Something good is happening: We are finally starting to question the economy and the way it works — or fails to work — for us and for nature, which sustains us.
A month ago I wrote a couple of columns about Doughnut Economics, then took a bit of a diversion to explore the Dasgupta report on including in the economy the costs we impose on nature, and — last week — the UN Secretary General’s observation that in waging war on nature we are suffering towering economic losses.
So what does this economic rethinking mean at a local level, in the place where we live, learn, work, shop and play?
How should we rethink and remake our economy?
Happily, various people and organizations are starting to think about this. Last week there was a front-page article in this newspaper by Lindsay Kines about the work of Project Zero to create a circular economy, with supportive resolutions adopted by both Victoria and Nanaimo councils.
A circular economy stands in contrast to our current linear take-make-waste economy, in which we obtain resources, process and use them, then send the waste away, out there somewhere. Think of disposable plastic bags or coffee cups, or any number of other disposable products, up to and including your car and house. There are two big problems with this model, and both relate to nature, and the way nature works.
First, there is no “away” in nature — our wastes end up somewhere and do harm to plants, animals and entire ecosystems. Moreover, only too often, our wastes come back to haunt and harm us. Second, nature never discards anything — it all gets decomposed, recycled and reused in some way, whereas we waste a lot of energy and resources by failing to close the loop.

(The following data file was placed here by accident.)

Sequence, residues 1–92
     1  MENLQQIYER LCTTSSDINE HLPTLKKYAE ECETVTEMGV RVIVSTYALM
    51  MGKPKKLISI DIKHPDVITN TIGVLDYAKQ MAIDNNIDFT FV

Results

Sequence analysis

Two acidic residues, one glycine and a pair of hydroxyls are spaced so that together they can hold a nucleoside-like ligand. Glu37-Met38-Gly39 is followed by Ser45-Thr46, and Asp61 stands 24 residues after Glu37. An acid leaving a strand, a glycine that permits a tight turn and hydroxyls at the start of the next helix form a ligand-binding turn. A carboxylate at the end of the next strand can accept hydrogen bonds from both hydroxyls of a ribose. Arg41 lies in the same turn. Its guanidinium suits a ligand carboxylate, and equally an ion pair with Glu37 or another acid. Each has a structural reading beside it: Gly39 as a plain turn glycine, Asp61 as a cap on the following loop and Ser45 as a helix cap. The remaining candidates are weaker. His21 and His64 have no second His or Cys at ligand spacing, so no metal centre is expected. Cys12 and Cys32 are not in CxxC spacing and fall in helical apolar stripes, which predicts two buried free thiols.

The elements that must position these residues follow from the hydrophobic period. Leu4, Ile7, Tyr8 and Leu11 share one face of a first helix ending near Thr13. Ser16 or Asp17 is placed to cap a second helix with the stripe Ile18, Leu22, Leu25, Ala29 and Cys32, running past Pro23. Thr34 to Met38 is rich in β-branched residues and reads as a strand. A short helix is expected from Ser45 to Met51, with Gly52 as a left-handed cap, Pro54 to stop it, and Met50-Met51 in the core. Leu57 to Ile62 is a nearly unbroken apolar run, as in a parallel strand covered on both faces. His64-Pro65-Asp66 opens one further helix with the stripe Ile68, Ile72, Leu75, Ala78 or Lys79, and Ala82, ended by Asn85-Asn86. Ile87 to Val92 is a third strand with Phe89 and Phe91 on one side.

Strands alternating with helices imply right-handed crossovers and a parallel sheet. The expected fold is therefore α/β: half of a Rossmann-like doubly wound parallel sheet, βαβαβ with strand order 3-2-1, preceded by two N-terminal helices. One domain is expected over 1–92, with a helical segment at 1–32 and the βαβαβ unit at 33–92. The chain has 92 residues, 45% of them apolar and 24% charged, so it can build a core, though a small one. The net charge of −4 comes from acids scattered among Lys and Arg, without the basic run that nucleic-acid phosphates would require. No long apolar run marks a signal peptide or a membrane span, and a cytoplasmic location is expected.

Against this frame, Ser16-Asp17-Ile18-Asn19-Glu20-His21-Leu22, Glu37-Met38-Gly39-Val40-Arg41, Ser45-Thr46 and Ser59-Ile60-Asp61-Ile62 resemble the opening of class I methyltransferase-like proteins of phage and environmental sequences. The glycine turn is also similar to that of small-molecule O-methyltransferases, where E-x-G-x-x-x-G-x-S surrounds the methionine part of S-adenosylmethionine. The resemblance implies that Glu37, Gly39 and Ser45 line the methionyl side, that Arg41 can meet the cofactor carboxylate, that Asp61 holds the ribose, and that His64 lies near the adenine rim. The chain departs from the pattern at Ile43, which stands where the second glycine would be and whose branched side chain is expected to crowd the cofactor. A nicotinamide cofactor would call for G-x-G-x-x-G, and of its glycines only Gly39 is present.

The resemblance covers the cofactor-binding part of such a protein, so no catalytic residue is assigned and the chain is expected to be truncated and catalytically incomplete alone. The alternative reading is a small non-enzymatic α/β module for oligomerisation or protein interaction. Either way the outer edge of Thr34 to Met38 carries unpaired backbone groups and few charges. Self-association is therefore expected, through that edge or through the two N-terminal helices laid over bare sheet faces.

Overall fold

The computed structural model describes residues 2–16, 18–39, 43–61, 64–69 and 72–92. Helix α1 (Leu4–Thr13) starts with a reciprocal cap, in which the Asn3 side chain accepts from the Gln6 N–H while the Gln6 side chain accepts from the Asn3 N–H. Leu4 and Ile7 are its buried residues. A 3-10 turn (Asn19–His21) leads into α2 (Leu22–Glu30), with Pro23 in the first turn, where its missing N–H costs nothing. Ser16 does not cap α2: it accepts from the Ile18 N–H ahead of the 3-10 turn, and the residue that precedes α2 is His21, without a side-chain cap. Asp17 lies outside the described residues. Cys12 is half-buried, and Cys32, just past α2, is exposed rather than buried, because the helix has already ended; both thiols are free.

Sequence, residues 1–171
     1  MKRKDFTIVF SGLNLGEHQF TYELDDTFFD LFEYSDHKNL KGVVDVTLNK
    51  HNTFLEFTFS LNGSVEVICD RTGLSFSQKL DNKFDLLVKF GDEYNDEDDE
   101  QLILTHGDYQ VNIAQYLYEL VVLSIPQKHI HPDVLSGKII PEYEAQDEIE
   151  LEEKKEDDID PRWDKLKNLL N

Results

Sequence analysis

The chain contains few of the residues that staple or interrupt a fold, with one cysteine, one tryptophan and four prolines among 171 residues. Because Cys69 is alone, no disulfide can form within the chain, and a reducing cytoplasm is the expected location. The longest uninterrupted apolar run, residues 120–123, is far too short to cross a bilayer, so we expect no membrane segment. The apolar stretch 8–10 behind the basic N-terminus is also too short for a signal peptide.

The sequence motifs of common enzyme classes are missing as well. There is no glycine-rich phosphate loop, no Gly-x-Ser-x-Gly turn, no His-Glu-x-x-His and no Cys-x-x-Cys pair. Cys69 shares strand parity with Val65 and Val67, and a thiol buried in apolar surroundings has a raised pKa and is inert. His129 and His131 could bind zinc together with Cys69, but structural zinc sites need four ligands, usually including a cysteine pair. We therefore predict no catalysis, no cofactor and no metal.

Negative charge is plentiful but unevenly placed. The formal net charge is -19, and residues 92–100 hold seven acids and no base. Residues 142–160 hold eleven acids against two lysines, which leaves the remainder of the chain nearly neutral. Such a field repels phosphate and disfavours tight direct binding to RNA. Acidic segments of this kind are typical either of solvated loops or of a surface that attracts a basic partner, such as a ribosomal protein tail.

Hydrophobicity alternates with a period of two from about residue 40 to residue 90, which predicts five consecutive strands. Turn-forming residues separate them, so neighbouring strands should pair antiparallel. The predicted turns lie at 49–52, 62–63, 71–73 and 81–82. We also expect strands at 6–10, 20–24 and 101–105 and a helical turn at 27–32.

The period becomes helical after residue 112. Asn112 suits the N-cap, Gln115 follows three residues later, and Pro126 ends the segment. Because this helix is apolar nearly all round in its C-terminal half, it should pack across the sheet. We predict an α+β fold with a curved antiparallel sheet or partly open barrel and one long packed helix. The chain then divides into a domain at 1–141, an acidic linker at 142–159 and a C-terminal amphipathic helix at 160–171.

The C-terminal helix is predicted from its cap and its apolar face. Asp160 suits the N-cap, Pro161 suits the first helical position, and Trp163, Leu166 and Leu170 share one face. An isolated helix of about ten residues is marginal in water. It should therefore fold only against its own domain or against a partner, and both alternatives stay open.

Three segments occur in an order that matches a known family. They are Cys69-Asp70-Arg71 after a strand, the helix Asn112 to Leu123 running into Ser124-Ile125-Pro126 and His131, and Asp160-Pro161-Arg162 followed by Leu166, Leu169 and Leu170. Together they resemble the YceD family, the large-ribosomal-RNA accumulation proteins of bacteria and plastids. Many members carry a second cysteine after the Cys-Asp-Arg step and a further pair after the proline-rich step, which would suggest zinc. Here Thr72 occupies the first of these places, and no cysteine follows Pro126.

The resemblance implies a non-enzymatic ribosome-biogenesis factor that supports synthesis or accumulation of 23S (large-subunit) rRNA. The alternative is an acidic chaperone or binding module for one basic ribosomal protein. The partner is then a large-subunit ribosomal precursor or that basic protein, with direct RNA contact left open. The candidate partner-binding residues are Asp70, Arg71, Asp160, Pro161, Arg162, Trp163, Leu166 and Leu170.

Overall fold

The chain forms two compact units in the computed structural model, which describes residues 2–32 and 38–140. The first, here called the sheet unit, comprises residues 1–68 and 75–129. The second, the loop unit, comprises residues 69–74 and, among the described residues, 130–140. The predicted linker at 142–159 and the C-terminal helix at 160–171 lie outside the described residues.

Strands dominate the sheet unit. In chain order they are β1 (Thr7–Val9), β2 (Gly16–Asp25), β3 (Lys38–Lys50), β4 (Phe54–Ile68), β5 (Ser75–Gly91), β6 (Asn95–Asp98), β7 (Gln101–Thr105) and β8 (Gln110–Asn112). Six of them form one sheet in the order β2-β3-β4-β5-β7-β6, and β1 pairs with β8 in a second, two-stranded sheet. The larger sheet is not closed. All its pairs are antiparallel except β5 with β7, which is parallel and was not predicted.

A circular economy seeks to avoid these problems — greatly reducing both our wasteful use of scarce resources and our excessive production of wastes — by closing the loop.
The U.K.-based Ellen MacArthur Foundation, a leading advocate for the circular economy, proposes three key principles: Design out waste and pollution, keep products and materials in use, and regenerate natural systems. This is underpinned by “designing products that can be ‘made to be made again’ and powering the system with renewable energy.”
It is a concept that has a lot of powerful support, including the World Economic Forum, which notes that businesses using this model gain a competitive edge because they “create more value from each unit of resource,” as Paul Shorthouse from Canada’s Circular Economy Leadership Coalition noted in a recent presentation to the Climate Caucus (a Canadian network of municipal leaders). The coalition includes a number of large corporations, including Canadian Tire, Ikea, Loblaws, Unilever and Walmart.
But while the concept of the circular economy is undoubtedly useful and important, for me it does not go far enough. I find the Doughnut Economy a more comprehensive and valuable model, for two reasons that are core to that model: First, it recognizes the “ecological ceiling,” the limits to growth imposed by the finite nature of the Earth.
Thus in an April 2019 essay in the Steady State Herald, Herman Daly, the elder statesman of ecological economics, noted the circular economy is really a “recycling economy” and that it can only work if the economy “does not grow in scale beyond the regenerative and absorptive capacities of the containing biosphere” — the Earth.
A second reason is quite neatly summed up in a couple of pithy summaries of the two models. The Ellen MacArthur Foundation describes the circular economy as one “that is restorative and regenerative by design,” while Kate Raworth describes her Doughnut Economics model as “distributive and regenerative.”
In other words, the Doughnut model recognizes that the implication of the ecological ceiling is that if the economy can’t grow beyond a certain size in terms of its impact on the Earth, then we can only meet everyone’s needs through redistribution. Thus it links the economy centrally to the social purpose of ensuring an equitable distribution of the goods and services that provide a social foundation for all.
Next week — finally, I hear you say — I will look at what a Doughnut Economy might mean at the local level.
Dr. Trevor Hancock is a retired professor and senior scholar at the University of Victoria’s School of Public Health and Social Policy.